Goat’s Cheese, Thyme and Black Olive Tart

Tarte au chèvre frais et aux olives noires

Preparation info

  • Serves


    • Difficulty


Appears in

Sud de France

By Caroline Conran

Published 2012

  • About

This tart, which has a creamy, cheesecake texture, is from the Hérault, known for its olive groves; Languedociennes constantly use olives in cooking. Near Narbonne, the co-operative olive oil mill in Bize- Minervois, ‘Oulibo’, is open to everybody and the village holds an olive fête each July . At the mill you can taste the different varieties of local olives. You could use local green Lucques olives in this dish, instead of black olives.


  • 250 g puff pastry, made with butter
  • 120 g soft, fresh goat’s cheese
  • 200 g brousse, fromage frais or other soft cheese such as curd cheese
  • 4 eggs, beaten
  • 2 tbsp crème fraîche
  • 1 tsp thyme leaves
  • 25 g small stoned black olives
  • salt, pepper


    Heat the oven to 220°C. Roll out the pastry to line a flan tin; cover the base with baking paper and beans or crumpled foil. Bake blind for 20 minutes, remove the beans or foil and allow to cool.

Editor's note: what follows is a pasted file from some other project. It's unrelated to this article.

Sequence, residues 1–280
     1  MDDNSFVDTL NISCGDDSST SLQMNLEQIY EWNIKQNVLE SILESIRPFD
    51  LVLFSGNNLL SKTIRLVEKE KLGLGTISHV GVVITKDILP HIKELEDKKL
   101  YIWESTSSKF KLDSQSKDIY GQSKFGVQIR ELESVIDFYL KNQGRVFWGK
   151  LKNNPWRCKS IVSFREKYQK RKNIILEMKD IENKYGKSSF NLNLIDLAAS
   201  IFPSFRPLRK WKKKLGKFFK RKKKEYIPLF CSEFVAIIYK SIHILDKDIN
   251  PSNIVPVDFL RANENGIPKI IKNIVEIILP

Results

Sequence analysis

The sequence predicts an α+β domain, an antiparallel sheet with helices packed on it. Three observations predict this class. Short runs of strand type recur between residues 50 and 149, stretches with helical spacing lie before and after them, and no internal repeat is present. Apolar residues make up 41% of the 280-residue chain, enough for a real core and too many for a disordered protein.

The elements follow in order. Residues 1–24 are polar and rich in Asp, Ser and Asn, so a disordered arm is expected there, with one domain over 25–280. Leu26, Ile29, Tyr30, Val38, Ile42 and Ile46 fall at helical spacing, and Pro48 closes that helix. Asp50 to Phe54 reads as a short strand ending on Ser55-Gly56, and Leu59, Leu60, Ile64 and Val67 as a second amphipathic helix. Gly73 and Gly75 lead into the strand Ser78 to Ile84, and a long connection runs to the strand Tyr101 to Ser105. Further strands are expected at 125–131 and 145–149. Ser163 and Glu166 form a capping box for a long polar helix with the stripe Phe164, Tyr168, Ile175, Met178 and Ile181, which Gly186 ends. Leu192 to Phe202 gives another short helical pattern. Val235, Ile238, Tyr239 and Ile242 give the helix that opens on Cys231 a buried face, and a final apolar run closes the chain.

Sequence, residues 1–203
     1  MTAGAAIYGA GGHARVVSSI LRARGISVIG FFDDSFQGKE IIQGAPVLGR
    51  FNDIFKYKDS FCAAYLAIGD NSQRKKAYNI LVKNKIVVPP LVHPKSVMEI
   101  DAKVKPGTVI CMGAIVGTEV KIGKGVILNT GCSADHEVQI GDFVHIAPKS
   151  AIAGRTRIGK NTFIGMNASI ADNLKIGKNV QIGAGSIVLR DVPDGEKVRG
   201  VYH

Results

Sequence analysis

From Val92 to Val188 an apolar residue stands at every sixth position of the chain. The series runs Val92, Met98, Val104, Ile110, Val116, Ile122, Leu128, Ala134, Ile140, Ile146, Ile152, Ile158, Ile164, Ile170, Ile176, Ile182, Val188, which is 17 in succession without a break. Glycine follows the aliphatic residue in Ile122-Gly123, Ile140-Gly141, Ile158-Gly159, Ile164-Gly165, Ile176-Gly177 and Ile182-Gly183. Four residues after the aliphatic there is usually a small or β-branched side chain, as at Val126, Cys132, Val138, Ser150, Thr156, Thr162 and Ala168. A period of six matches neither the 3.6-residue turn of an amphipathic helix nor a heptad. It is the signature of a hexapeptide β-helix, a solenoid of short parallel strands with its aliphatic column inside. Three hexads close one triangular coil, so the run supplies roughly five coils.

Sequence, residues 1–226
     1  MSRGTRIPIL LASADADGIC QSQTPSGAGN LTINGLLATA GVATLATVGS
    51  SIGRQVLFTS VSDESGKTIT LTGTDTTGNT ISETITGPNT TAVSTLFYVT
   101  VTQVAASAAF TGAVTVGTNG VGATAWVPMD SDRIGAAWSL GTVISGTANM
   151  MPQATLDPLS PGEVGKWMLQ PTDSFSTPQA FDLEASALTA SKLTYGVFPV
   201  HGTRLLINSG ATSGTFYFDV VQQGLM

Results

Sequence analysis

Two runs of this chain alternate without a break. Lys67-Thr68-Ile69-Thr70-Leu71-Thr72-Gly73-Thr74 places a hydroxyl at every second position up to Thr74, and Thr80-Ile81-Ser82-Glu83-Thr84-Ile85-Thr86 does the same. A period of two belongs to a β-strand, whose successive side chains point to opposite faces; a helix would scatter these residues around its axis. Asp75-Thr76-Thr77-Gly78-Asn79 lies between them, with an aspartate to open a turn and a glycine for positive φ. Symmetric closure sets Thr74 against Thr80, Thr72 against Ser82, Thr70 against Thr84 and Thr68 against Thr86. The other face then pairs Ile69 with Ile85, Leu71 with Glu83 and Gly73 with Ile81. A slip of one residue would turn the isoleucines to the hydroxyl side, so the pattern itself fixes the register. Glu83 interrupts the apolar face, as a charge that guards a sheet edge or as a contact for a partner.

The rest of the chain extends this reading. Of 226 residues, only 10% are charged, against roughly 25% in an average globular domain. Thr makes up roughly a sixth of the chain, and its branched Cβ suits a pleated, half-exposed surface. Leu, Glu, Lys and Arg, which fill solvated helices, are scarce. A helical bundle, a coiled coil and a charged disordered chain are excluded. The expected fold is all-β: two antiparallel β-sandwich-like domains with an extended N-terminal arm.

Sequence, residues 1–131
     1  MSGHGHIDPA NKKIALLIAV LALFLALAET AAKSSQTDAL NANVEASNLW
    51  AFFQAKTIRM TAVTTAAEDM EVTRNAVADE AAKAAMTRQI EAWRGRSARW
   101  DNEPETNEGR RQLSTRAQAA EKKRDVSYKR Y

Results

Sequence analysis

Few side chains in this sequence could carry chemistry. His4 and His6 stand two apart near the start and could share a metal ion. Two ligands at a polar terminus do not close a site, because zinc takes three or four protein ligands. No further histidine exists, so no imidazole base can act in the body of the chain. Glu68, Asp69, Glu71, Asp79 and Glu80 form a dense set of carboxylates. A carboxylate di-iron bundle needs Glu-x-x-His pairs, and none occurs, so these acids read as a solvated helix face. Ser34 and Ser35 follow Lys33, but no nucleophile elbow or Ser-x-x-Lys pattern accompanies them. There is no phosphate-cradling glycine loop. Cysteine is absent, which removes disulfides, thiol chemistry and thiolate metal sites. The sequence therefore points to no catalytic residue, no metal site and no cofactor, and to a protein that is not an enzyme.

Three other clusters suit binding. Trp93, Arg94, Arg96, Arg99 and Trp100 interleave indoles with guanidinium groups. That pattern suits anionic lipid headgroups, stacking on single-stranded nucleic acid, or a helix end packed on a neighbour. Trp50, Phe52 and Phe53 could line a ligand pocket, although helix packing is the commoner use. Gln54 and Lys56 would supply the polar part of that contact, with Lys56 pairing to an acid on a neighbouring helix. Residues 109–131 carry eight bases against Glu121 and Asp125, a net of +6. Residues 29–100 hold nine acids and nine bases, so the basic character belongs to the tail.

Whizz the goat’s cheese with the brousse or fromage frais in the blender until smooth and creamy, add the eggs, cream, thyme and seasoning – it will not need much salt because of the olives. Transfer the mixture to the pastry base, arranging the olives evenly across the top. Reduce the oven temperature to 200°C and bake the flan for 20–25 minutes. Test after 20 minutes, as it is vital not to overcook it. If it is not set and the pastry is getting too brown, turn down the heat to 180°C and cook for a further 10 minutes.

    Eat with a garlicky green salad with fresh herbs – basil, parsley, chives, tarragon and chervil – and possibly some slices of raw onion.